We’re all guilty of forgetting the wonderful things on our doorsteps when it comes to planning a weekend’s adventures.
It’s easy to arrange things to see and do when you go away. You want to get the most out of your time in a new place. But when it’s your home city you feel like you have all the time in the world to see it, which often leaves you missing a lot.
Manchester has so much to offer that I still feel like a newbie after 8 years because I’ve hardly scratched the surface.
So, I spent last weekend exploring three fantastic things to do in the city.
It may not have escaped your notice that the gallery reopened on Valentine’s Day, with an exciting programme of events inside and out.
I’ve not been to the gallery before so I cannot make a comparison with the way it used to be. But now, it is a magnificent space with a modern feel in an historic building. I particularly loved the outlook to the park, which connects the building with its surroundings.
I didn’t spend long there and it was teeming with people but I will definitely be going back to take in the exhibitions properly.
The Dance of the Butterflies exhibition also opened on Valentine’s Day and will remain at the museum until 1 December 2015.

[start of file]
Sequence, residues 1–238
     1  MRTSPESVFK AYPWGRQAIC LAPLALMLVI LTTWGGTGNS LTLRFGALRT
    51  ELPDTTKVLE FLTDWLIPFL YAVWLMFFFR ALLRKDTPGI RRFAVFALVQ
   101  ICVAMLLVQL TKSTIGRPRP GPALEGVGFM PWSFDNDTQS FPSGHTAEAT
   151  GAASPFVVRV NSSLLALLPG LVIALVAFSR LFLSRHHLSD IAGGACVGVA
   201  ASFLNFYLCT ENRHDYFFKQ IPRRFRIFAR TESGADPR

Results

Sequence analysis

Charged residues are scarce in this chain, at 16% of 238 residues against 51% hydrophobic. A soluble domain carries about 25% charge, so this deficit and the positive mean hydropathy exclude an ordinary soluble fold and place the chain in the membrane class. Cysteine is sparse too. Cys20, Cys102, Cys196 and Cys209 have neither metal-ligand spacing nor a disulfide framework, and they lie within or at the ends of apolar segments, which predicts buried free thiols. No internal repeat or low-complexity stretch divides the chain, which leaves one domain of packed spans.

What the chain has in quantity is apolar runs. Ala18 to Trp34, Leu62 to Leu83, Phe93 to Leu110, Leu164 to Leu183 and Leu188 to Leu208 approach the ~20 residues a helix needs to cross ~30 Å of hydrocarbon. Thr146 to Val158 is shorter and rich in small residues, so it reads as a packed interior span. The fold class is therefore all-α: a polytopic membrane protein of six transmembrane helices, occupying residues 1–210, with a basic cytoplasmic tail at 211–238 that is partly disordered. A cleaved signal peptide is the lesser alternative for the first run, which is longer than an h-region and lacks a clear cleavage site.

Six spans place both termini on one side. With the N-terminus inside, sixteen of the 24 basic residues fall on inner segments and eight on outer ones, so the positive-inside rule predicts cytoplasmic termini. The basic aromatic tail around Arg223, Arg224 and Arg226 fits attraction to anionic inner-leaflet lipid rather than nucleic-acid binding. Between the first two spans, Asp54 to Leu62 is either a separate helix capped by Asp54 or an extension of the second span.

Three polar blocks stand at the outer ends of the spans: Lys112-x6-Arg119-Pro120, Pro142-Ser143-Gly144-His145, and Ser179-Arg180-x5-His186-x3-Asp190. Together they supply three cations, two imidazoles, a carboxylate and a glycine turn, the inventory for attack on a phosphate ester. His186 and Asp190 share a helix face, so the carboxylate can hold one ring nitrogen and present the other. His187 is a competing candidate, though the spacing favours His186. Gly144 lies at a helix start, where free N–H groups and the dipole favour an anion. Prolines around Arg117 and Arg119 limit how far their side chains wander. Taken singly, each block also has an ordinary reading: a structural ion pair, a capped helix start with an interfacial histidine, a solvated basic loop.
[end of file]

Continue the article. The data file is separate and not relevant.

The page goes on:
It is an easy walk from the Whitworth Gallery so if you are in the mood for culture the two can easily be enjoyed on the same day; a point which was not lost in the timing of these two significant openings.
I have a thing about butterflies so I really enjoyed this exhibition. The butterflies, created by African artist Romuald Hazoumè, are made from off-cuts of African wax-print fabrics, which are arranged together in the shape of other animal forms, mimicking political characteristics in Africa.
Although the materials are regarded as typically African, they have a more subtle link to Manchester’s industrial past. Cotton manufacturers, wanting to break in to the West African textile market, produced a wide variety of printed patterns to appeal to African tastes.
You’d be forgiven for mistaking the exterior of the gallery and it’s entrance hall for a World War 1 trench with all the sandbags that are built up there.
And you would be right, that’s exactly what it’s supposed to look like. But, you will also notice the snowdrops growing between the sandbags.
The snowdrops at the gallery are designed to showcase the National Trust Manchester Snowdrop City project, which saw 100,000 snowdrop bulbs planted across the city to mark the centenary of the First World War.
Snowdrops, which bloom in very early spring, were chosen because they were planted at war graves during the war to remind the soldiers of home. Their small, white flowers are a symbol of hope and peace, which also provide nectar for bees, making them particularly appropriate for Manchester. It is hoped that the snowdrops will continue to flower year after year as a lasting memorial to those who lost their lives in the war.
The snowdrop installation ends on 1 March 2015 and flowers can also be seen at various locations throughout the city.
With all these wonderful things on offer, there’s no excuse not to get out and about in Manchester.
Photos by Mark Johnson and me.